Baltimore Ravens: What We've Learned About the Ravens After 4 Games

Drew FrazierContributor IIIOctober 7, 2011

BALTIMORE, MD - OCTOBER 2: Nose tackle Haloti Ngata #92 of the Baltimore Ravens hits quarterback Mark Sanchez #6 of the New York Jets and knocks the ball loose in the second quarter at M&T Bank Stadium on October 2, 2011 in Baltimore, Maryland. (Photo by Patrick Smith/Getty Images)
Patrick Smith/Getty Images

The Baltimore Ravens have had a nice start to the season, and besides the let-down against the Tennessee Titans in Week 2, they have won every other game in a dominating fashion. The Ravens appear to be one of the top teams in the NFL, but that certainly does not mean that they are without issues and problems that need addressing.

For the most part, the Ravens have been solid on both sides of the ball. Against the Steelers in Week 1, the Ravens played a nearly flawless game. The new look offensive line was able to push the older Steelers defensive line around all game, and Ravens quarterback Joe Flacco played the best game of his young career. He was accurate and on-time with his throws. Overall, the offense was extremely balanced as they ran seventeen pass plays and seventeen run plays.

On defense, the Ravens simply dominated the Steelers in every aspect. The defensive line, especially defensive tackle Haloti Ngata, was unblockable and completely shut down the Steelers running game. The linebackers were able to generate pressure and the secondary was solid. It was a team effort and one of the best wins in franchise history.

Following the dominating win, most Ravens fans were buying into the hype, and even many experts were saying that the Ravens were an early Super Bowl favorite. Everything came crashing down in their Week 2 game versus the Tennessee Titans.

As exciting as the Steelers game was, the Titans game was disappointing, and after playing one of the finest games of his career versus the Steelers, Flacco played one of the worst against the Titans. It was an unexplainable performance on the surface because the Titans were supposed to be a bad team, but after four weeks and three more victories, the loss to the 3-1 Titans doesn’t seem so shameful.

NASHVILLE, TN - SEPTEMBER 18:  Quarterback Matt Hasselbeck #8 of the Tennessee Titans calls an audible against the Baltimore Ravens at LP Field on September 18, 2011 in Nashville, Tennessee. Tennessee won 26-13.  (Photo by Grant Halverson/Getty Images)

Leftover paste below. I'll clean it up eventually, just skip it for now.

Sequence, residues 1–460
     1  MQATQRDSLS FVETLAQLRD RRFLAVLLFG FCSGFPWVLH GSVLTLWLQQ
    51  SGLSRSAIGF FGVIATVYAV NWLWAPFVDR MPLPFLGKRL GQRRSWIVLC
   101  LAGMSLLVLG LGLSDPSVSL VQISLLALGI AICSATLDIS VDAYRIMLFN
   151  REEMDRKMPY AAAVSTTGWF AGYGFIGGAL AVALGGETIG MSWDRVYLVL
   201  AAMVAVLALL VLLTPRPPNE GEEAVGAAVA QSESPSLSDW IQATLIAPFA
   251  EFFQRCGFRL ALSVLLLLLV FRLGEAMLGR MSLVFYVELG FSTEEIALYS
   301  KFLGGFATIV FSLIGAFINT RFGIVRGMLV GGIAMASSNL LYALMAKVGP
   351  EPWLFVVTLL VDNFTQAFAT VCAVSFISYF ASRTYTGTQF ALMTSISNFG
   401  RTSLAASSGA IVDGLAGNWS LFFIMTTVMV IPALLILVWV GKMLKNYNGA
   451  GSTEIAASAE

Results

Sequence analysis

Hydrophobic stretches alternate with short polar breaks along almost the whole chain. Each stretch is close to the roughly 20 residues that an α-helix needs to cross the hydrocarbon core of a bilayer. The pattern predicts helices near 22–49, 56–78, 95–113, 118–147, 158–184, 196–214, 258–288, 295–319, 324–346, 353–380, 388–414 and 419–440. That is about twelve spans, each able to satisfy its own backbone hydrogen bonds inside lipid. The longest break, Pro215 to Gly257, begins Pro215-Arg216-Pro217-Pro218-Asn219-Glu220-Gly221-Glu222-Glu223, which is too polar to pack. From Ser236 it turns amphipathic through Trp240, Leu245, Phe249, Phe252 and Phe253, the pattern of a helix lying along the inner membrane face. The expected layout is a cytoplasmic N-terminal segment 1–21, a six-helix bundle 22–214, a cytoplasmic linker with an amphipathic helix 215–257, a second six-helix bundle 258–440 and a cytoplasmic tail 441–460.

Grant Halverson/Getty Images

The fact is that the Titans match up very well with the Ravens on nearly every level. Their defense is able to generate pressure with their base four defensive linemen and keep quarterbacks bottled up while collapsing the pocket. This matches up well against the Ravens offensive line which is not manned with great pass blockers.

The Titans secondary is capable of playing tight coverage with their safeties playing cover two, and the Ravens receivers were not able to get open when covered one-on-one. This not only prevents the quick throws and short passing game but also effectively shuts down the deep throws as well, and by playing solid coverage with four defensive linemen, the Titans defense effectively shut down the entire Ravens offense.

On defense, the loss to the Titans was easier to explain. The Ravens were without two of their top five corners, and considering that cornerback Domonique Foxworth hasn’t been active since his horrible performance versus the Titans and was recently sent to injured reserve, it’s safe to say that the Ravens were without three of their top five corners even with him on the field. The only real corners they could count on were Cary Williams and Lardarius Webb.

The Ravens front seven was elite even in the Titans game. They completely shut down the Titans running game and were able to generate pressure on a few plays. The problem was that the Titans didn’t give the Ravens the opportunity to rush the passer. They used quick passes and spread out the defense with multiple receiver sets.

The Ravens defense was so concerned with covering the Titans four and five wide receivers with linebackers and safeties that they got away from playing solid defense. If the Ravens had suited up even one more healthy corner for the Titans game, the outcome probably would have been much different.

ST. LOUIS, MO - SEPTEMBER 25: Sam Bradford #8 of the St. Louis Rams is sacked by Terrell Suggs #55 of the Baltimore Ravens at the Edward Jones Dome on September 25, 2011 in St. Louis, Missouri. (Photo by Jeff Curry/Getty Images)
Jeff Curry/Getty Images

 After the Titans game, the Ravens needed to rebound in a big way, and the St. Louis Rams provided them with that opportunity. They completely dominated the Rams on both sides of the ball. On offense, the Ravens came out throwing and had a surprising amount of success. Rookie wide receiver Torrey Smith had a breakout game to say the least, with three touchdown catches in the first quarter.

Those three scores forced the Rams to play from behind, and once the Ravens knew that the Rams had to throw the ball, the game was essentially over. The Ravens defense harassed and sacked Rams quarterback Sam Bradford, and besides a deep touchdown throw, Bradford wasn’t able to get anything going all game.